CLINTON—Tennessee Highway Patrol troopers testified Thursday that a driver charged with vehicular homicide smelled of alcohol and said he had been drinking and had taken two anti-anxiety pills before a two-vehicle crash on Clinton Highway in April that resulted in the death of a 23-year-old Heiskell woman.
There was a half-empty bottle of whiskey found between the driver’s seat and the rocker panel of the 1993 Eagle four-door sedan, according to testimony by a crash witness and THP Trooper Isaiah Lloyd, the lead trooper in the investigation. Lloyd testified that he saw a glass marijuana pipe with residue in the center console of the car, a marijuana joint inside a prescription bottle, and at least six beer cans on the passenger floorboard of the car, although it wasn’t clear if the cans were empty or full.
The THP said Scott Gray, 26, of Knoxville, was driving north on Clinton Highway in the Eagle sedan near Mehaffey Road on Thursday evening, April 28, when he turned into the path of a southbound 2015 Jeep Grand Cherokee sport utility vehicle driven by Kimberly Williamson, 32, of Knoxville. The SUV driven by Williamson hit the car driven by Gray.
The passenger side of the Eagle had significant damage, and passenger Jessica Miner Taylor, 23, of Heiskell, was trapped and critically injured. After she was extricated, she was flown by a Lifestar medical helicopter to the University of Tennessee Medical Center in Knoxville, authorities said. She was immediately taken into the operating room because her bladder was torn from the crash, Lloyd said in arrest warrants filed in May.
Gray was taken by ambulance to UT Medical Center the day of the crash. Williamson had minor injuries, and she was taken in a personal vehicle to Tennova North, where she was treated and released, authorities said earlier.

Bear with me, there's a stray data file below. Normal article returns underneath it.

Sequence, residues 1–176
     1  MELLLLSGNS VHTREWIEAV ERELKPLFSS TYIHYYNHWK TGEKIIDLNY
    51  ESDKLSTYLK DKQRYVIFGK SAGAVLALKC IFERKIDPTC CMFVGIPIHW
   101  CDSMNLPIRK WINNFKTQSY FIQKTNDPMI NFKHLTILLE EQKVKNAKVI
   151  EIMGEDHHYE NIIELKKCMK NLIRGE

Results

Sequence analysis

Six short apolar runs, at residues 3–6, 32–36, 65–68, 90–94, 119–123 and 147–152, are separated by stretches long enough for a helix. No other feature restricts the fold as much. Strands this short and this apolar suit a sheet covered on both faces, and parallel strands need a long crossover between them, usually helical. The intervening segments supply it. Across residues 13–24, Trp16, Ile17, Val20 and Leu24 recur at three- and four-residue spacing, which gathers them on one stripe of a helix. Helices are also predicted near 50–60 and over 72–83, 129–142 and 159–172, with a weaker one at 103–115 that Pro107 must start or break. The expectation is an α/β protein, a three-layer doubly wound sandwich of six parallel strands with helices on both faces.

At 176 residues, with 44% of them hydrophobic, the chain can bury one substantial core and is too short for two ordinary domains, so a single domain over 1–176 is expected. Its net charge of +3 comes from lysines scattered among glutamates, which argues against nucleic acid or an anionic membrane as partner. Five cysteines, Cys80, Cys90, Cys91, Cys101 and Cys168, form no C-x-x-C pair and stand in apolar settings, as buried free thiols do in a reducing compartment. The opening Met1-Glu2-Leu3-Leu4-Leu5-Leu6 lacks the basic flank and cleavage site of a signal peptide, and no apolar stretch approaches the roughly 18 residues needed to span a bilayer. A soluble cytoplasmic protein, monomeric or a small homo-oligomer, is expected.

Miner died from her injuries about a week after the crash, on Friday, May 6, according to her obituary.
Interviewed at the hospital after the crash, Gray appeared too impaired to drive, Lloyd testified during a preliminary hearing in Anderson County General Sessions Court in Clinton on Thursday, August 11. His blood alcohol level was reported to be 0.175 a few hours after the crash, or about twice the legal limit.
THP Sergeant Bobby Smith also interviewed Gray at UT Medical Center. Gray was on a bed with a neck brace, and he spoke “sort of intoxicated,” with slurred speech, Smith said. Gray said he had had a “couple of beers” and maybe a shot of whiskey and had taken two Klonopins, an anti-anxiety medication, Smith testified.
Most of the charges that the state had filed against Gray were bound over, or sent to the Anderson County Grand Jury for its consideration, on Thursday. Those charges include vehicular homicide, open container, improper turn/failure to yield, failure to use due care and caution, possession of drug paraphernalia, simple possession, and no insurance.